Every day, the Priest looks up to the sculpted sundial clock located at the top of the main façade of the Church and every day, according to its shadows, he starts ringing the bell, as a calling for Mass.
Three times a day, he walks on his own into the Church, conducts the Mass and being all alone in that immense Church, he turns towards where the crowd should be. With the cross in his right hand, he blesses with the words “May Peace Be Upon you”.
The scene seems odd and even humorous and one starts thinking to oneself “In the peace that envelops the Church, why and whom is he praying for?”
All year long, the area is devoid from people. All along the twelve months, the Priest is alone in the Monastery.
After every Mass, the Priest picks up a broom and starts cleaning the Church. After every Mass, he steps out of the Church and locks the big steel gates.
I can’t help but feel jealous of the Priest’s faith.
— Roupen, Memoirs of an Armenian Revolutionary, Beirut 1972. p. 316-317

For this studio, students were asked to design spaces of isolation and self reflection, spaces either occupied for choice or by force.

The following is an Armenian Church designed for the town of Aanjar, Bekaa, Lebanon.

The Church

When seen from far, the  Monastery Complex is dominated by one monumental feature: the Church.
The rest of the functions seem to blend in with the landscape.

The site of the project is on the foothills of a mountain range overlooking the Bekaa valley, which makes the complex very visible from the whole valley. To ensure the privacy of its inhabitants and to highlight the monumentality of the Main Place of Whorship, the rest of the functions are muted; embedded and blending into the landscape, both physically and in terms of material usage.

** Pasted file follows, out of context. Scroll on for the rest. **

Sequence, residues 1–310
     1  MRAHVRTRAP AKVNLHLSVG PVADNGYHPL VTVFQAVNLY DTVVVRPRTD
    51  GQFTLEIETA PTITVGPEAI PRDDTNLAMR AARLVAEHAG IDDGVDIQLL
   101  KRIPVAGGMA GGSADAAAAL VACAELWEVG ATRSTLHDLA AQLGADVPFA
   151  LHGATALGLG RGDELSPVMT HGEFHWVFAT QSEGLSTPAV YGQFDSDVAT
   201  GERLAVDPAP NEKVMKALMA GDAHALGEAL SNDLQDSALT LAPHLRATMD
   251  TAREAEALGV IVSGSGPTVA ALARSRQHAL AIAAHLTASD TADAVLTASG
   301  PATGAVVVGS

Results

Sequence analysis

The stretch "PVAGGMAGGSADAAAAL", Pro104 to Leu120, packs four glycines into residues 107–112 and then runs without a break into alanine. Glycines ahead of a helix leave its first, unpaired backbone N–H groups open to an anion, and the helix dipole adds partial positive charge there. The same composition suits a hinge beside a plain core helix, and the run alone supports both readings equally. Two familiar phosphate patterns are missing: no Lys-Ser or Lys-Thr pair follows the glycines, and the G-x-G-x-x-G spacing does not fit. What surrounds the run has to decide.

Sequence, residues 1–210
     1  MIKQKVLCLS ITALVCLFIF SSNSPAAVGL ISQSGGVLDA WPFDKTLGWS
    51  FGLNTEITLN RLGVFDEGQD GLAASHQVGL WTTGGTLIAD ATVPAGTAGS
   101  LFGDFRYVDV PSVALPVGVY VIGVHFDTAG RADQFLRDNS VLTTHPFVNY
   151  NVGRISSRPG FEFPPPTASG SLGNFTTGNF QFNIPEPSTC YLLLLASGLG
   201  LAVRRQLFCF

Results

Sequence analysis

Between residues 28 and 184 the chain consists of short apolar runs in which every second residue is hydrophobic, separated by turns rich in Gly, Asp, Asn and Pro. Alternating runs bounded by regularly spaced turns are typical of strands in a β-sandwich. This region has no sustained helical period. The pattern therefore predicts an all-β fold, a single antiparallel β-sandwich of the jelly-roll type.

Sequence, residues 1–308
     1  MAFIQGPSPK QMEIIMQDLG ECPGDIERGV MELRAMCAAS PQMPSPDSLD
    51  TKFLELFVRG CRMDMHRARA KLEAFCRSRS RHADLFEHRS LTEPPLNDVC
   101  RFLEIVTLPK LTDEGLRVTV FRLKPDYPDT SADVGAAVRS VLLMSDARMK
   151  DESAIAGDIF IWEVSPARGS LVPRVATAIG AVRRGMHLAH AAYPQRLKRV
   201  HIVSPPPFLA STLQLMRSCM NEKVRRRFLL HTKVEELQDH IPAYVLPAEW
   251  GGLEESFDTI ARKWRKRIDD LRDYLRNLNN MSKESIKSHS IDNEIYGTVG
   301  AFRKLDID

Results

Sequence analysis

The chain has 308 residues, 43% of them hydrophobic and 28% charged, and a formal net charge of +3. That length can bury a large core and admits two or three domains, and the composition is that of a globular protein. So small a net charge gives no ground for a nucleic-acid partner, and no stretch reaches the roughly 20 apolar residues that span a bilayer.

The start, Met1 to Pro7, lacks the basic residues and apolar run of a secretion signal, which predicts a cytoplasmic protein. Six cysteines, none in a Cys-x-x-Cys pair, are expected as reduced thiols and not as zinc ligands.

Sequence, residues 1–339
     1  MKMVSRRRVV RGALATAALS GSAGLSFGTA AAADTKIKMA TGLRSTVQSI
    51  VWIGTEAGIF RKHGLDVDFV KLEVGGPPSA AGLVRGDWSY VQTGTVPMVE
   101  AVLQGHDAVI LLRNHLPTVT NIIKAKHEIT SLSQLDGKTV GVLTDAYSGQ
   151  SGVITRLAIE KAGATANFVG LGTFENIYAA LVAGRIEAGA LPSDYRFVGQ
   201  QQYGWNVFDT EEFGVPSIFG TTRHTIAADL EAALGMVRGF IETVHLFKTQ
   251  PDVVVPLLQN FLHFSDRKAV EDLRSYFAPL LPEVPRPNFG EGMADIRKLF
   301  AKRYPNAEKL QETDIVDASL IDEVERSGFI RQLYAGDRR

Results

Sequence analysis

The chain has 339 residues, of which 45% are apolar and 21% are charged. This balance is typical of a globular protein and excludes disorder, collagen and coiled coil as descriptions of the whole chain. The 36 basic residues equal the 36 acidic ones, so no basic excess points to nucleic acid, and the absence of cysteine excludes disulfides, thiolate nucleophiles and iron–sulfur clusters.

The design of the Church itself is inspired by the iconic cupola of the Armenian Church, a distinct architectural feature that is most often pointed at the top and polygonal at its base.

The Cell

For the monk, the cell means discipline, austerity, order and imposed limitation.
Days are timed, food is bland, and practice is constant.
The monk chooses to embrace a spiritual path out of choice: to transform his/her being in a constant openness to the beyond through faith, work or energy.

The cell of the monk is a simple shared room dug into the mountain.
With a contemplative view of the valley, the room remains well hidden due to it’s natural stone-louvered facade.

The Trench

To navigate through the hidden monastery, one sharp cut in the landscape acts as a main circulation artery distributing the users from side to side, and from entrance to top.

This sharp artery that carries devouts from the base of the mountain into the heart of the places of worship, acts as a vessel of pilgrimage, a humbling procession of steps that guides the believer upwards, as if closer to God, to the highest chapel of the complex, where the devout can finally turn back, to experience devotion with a view of the beautiful valley.

The monastery houses many functions vital to the life of monks such as an eatery and a library.

Those functions are distributed on the wings of the main trench.

arine aprahamian © 2023

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